[41] National Library of Wales, MS. Peniarth 77, p214. R. S. Loomis suggests that Bran ap Dyfnwal was sometimes equated with Bran ap Llyr, see The Grail - from Celtic Myth to Christian Symbol, R. S. Loomis op. cit. p60. There may have also been a confusion with Bran Galed o'r Gogledd ("Bran the Niggard from the North") see Trioedd Ynys Prydein, op cit. p292. This latter is the Bran mentioned in M.S. Peniarth 77. Guto'r Glyn mentions Bran Galed in one of his poems (see Gwaith Guto'r Glyn, p.218 op. cit.).
[42] Trioedd Ynys Prydein, Rachel Bromwich op. cit. p260.
[43] From Branwen, Daughter of Llyr in The Mabinogion, translated by Gwyn Jones and Thomas Jones, Dragon's Dream 1982, p45.
[44] The Grail - from Celtic Myth to Christian Symbol, R. S. Loomis op. cit. p13.
[45] See this web-page: http://news.bbc.co.uk/1/hi/wales/mid/6253635.stm

Edited by I.P. 11.8.11 - added link, removed spurious characters.
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Re: Heroes of the Dawn - related material

Postby Safebreaker » Sun Mar 16, 2008 8:15 pm

I enjoyed your well-researched article in DT - well done. Just a quick, and probably useless, afterthought re charred timbers, the old builder I referred to in a previous post was Welsh! As usual, a mine of useless information!
Best wishes,
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Re: Heroes of the Dawn - related material

Postby Ian Pegler » Mon Mar 17, 2008 8:04 am

Thanks Safebreaker, glad you enjoyed the article. :)

Some of the ground between the Latrine and the Monk's Dining Hall at Valle Crucis is very boggy. They would have definitely needed to do something to stop the timbers from rotting. Although I suspect that part of the reason it's now so boggy is there are mediaeval drains around there which are no longer working. There's one going from the well in the cloister towards the latrine and another one going from the east side of the latrine in the direction of the fish-pond (eeeeewww!! Lovely! :shock: ).

Ian
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The Ghost in the Window

Postby Ian Pegler » Sat Mar 22, 2008 9:41 pm

Regarding the Ghost in the Window, I find some of the responses on the BBC site very interesting. It seems that someone else has photographed the same face in a different room, and has now handed the photo over.

Ian
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Re: Heroes of the Dawn - related material

Postby Ian Pegler » Tue Apr 08, 2008 7:16 am

He [Robert Trevor] was buried at Glyn y Groes [Valle Crucis abbey], where, Guto says, the Holy Grail (Sant Greal) was kept.


This was published on the the 12th of March 2008. The March edition of Dowsing Today arrived through my letterbox the day before - so I beat him to it - just!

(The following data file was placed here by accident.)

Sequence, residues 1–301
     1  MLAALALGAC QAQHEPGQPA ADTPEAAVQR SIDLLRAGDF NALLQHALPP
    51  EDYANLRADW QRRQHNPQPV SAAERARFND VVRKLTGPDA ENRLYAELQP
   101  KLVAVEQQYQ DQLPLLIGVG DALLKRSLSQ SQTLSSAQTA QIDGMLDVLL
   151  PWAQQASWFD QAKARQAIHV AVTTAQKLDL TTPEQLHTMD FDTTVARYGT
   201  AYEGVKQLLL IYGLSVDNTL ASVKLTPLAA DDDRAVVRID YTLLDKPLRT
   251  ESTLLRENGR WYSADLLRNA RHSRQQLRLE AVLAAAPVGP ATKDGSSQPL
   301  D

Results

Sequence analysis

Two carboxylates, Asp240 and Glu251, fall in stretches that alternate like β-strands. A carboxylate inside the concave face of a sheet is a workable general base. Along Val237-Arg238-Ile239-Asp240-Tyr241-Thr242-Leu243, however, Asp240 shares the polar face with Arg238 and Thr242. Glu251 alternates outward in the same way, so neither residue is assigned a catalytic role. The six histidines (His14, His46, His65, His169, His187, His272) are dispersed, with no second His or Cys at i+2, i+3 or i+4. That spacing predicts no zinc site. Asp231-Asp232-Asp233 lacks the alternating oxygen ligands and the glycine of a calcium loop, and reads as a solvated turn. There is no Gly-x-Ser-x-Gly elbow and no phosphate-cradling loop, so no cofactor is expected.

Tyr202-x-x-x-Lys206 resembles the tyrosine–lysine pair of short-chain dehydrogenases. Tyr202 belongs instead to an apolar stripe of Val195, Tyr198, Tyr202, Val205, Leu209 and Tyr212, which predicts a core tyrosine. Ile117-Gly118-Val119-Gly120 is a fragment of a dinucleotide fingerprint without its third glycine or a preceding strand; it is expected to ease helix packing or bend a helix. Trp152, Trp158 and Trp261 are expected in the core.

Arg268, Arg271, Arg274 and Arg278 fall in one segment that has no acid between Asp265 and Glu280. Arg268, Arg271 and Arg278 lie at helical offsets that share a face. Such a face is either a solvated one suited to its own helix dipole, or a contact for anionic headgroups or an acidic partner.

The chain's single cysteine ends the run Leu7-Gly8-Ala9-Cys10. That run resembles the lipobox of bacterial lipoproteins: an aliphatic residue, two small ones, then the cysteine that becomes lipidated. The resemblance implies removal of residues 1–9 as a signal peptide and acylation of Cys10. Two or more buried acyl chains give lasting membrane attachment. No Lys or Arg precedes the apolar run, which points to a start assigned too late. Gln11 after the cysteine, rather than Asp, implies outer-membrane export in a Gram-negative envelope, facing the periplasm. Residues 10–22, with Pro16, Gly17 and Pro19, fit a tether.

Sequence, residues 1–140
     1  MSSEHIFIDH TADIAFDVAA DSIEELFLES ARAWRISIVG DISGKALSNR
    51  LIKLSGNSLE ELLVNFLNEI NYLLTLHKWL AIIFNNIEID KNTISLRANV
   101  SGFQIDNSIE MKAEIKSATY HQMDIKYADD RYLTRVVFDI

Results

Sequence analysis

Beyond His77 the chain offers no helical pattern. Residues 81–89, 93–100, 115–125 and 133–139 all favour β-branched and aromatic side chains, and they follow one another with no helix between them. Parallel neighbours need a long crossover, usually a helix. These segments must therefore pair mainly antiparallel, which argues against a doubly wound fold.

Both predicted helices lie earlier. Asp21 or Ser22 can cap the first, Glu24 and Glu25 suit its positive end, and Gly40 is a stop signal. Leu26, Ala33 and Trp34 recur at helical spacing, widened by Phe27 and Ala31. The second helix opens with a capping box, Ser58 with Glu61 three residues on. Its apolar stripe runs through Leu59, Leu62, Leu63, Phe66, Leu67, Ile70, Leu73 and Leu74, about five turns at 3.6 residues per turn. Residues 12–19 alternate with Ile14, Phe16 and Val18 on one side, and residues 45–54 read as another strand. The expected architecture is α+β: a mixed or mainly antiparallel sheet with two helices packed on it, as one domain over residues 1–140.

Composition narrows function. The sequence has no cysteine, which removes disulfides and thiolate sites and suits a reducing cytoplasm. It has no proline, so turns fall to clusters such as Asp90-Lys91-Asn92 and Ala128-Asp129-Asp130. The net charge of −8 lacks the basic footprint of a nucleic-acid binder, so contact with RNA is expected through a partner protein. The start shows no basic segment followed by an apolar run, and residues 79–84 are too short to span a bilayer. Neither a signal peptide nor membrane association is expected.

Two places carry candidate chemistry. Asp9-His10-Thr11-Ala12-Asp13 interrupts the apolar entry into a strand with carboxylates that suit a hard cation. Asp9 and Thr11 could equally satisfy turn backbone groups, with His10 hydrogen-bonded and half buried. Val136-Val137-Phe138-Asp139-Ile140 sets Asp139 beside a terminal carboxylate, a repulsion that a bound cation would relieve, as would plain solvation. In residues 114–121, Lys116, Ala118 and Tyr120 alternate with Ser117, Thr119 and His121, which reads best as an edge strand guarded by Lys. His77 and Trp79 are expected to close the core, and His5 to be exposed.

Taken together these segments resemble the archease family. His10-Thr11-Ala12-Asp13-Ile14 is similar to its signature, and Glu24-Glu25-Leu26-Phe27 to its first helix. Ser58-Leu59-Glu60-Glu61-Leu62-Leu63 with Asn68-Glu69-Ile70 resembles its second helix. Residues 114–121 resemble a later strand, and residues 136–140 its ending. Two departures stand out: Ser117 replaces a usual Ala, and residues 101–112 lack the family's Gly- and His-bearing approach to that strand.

Now I think about it, I mentioned this in Part 2 in Dec. 2006. Oh well, point is, you read it first in Dowsing Today - probably!.

Ian
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Re: The Ghost in the Window

Postby Ian Pegler » Wed Apr 23, 2008 8:01 am

Ian Pegler wrote:Regarding the Ghost in the Window, I find some of the responses on the BBC site very interesting. It seems that someone else has photographed the same face in a different room, and has now handed the photo over.

Ian


I went back there again recently and spoke to the guy in the abbey shop. They've had three photos handed over. The one on the BBC website mentioned previously, another taken in the sacristy, which was pretty dreadful and a third which has mysteriously gone missing. This last one apparently was quite clear and was of a white figure, taken in the cloister, but it's gone now.

From psychometry I get that a temporary altar had been set up in the chapter-house for some reason. I have no confirmation of this yet. Does anyone else get this?

Regarding my 2003 psychometry experiment, it now seems that there was indeed a female presence in the abbey during mediaeval times and in fact, the new CADW booklet reveals that in 1234 the abbot was ticked off for this because women were banned under a strictly enforced Cistercian rule. It seems, however, that he got off with a slap on the wrist.

Ian
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Re: March 2008 - Heroes of the Dawn - related material

Postby Ian Pegler » Fri Nov 07, 2008 7:38 am

from the BBC...

Hi-tech centre brings abbey alive

Holograms, a virtual reality tour and 3-D goggles are being used to bring a 14th Century abbey back to life.

They are part of a new "interpretation centre" designed to explain in an interactive way what life was like at Valle Crucis Abbey, near Llangollen.

Visitors can take a virtual reality tour of the abbey in its heyday, with an animated monk as a guide.


CLICK HERE to read the article...

Ian